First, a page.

This paper presents results related to the multiagent formation control problem. Symmetries in the system are exploited to simplify the stability analysis and control synthesis problem for symmetric systems. The type of symmetry considered is a discrete symmetry where individual agents are either identical or have dynamics that are diffeomorphically related. These results are applicable to both distributed as well as non-distributed coordination methods and are demonstrated with simulation results for systems taken from the literature.

In this paper we show how the symmetry present in many linear systems can be exploited to significantly reduce the computational effort required for controller synthesis. This approach may be applied when controller design specifications are expressible via semidefinite programming. In particular, when the overall system description is invariant under unitary coordinate transformations of the state space matrices, synthesis semidefinite programs can be decomposed into a collection of smaller semidefinite programs.

We show how to exploit symmetries of a graph to efficiently compute the fastest mixing Markov chain on the graph (i.e., find the transition probabilities on the edges to minimize the second-largest eigenvalue modulus of the transition probability matrix). Exploiting symmetry can lead to significant reduction in both the number of variables and the size of matrices in the corresponding semidefinite program, thus enable numerical solution of large-scale instances that are otherwise computationally infeasible. We obtain analytic or semi-analytic results for particular classes of graphs, such as edge-transitive and distance-transitive graphs. We describe two general approaches for symmetry exploitation, based on orbit theory and block-diagonalization, respectively. We also establish the connection between these two approaches. Comment: 39 pages, 15 figures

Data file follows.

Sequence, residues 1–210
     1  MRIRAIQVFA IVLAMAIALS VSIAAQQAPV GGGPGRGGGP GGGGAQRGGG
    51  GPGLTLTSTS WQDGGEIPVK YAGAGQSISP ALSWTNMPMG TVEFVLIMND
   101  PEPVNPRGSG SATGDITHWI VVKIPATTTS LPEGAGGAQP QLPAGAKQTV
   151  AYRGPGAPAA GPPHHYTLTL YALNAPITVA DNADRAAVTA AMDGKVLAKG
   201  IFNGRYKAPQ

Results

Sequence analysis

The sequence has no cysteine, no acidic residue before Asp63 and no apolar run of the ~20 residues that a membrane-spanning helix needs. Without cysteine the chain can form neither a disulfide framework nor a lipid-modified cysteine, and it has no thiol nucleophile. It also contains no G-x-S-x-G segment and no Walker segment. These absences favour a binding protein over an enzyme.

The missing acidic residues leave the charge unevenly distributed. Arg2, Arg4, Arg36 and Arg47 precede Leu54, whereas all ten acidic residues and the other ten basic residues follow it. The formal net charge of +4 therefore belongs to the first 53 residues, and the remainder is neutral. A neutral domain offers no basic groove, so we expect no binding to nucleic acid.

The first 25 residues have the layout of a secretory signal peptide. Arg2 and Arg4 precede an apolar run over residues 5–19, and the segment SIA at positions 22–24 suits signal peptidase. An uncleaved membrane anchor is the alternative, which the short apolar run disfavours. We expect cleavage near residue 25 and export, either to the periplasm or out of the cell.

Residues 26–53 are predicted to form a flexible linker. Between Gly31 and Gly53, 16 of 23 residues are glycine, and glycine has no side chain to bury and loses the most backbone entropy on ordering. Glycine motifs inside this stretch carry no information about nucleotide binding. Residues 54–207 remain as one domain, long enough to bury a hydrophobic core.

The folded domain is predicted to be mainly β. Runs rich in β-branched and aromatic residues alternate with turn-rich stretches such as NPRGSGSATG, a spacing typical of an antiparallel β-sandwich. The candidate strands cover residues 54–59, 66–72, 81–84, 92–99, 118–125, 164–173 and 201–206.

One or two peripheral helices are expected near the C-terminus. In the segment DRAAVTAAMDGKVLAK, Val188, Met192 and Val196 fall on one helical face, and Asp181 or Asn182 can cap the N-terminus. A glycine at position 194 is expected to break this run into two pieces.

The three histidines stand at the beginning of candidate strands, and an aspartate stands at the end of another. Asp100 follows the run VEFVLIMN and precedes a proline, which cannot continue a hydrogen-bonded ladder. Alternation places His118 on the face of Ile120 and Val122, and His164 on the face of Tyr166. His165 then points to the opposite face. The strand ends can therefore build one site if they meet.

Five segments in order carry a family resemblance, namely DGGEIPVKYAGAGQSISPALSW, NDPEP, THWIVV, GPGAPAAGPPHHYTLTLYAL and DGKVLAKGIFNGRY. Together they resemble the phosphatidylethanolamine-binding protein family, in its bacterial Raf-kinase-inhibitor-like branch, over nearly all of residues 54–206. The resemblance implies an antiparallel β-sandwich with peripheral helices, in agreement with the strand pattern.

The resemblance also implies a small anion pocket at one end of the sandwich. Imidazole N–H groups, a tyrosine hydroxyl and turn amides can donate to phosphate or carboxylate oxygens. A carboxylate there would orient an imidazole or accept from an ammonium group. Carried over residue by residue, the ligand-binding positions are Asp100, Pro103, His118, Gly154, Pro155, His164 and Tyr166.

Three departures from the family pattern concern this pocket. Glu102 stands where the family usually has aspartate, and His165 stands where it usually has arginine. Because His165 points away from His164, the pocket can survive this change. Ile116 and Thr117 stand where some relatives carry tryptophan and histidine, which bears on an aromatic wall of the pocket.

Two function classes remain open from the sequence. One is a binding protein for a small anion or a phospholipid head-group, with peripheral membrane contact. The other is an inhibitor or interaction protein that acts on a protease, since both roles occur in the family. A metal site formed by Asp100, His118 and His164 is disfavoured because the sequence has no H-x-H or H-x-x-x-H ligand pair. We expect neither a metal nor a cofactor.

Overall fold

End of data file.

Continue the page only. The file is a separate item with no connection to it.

Symmetric explicit model predictive control

- Danielsonc Borrellif

Pattern formation in large‐scale networks with asymmetric connections

- Gyorgy A

Balancing of battery networks via constrained optimal control. Paper presented at: Proceedings of the American Control Conference Montreal Canada

- Danielsonc Borrellif Oliverd Andersond Kuangm Phillipst

Low-complexity anti-windup with projection

- Schwerdtnerp Bortoffs Danielsonc Di Cairanos

Sparse feedback synthesis via the alternating direction method of multipliers. Paper presented at: Proceedings of the American Control Conference Montreal Canada

- Jovanovićm Linf Fardadm

A PDE viewpoint on basic properties of coordination algorithms with symmetries

- Sarlettea Sepulchrer

Symmetric Constrained Optimal Control: Theory Algorithms and Applications

- Danielsonc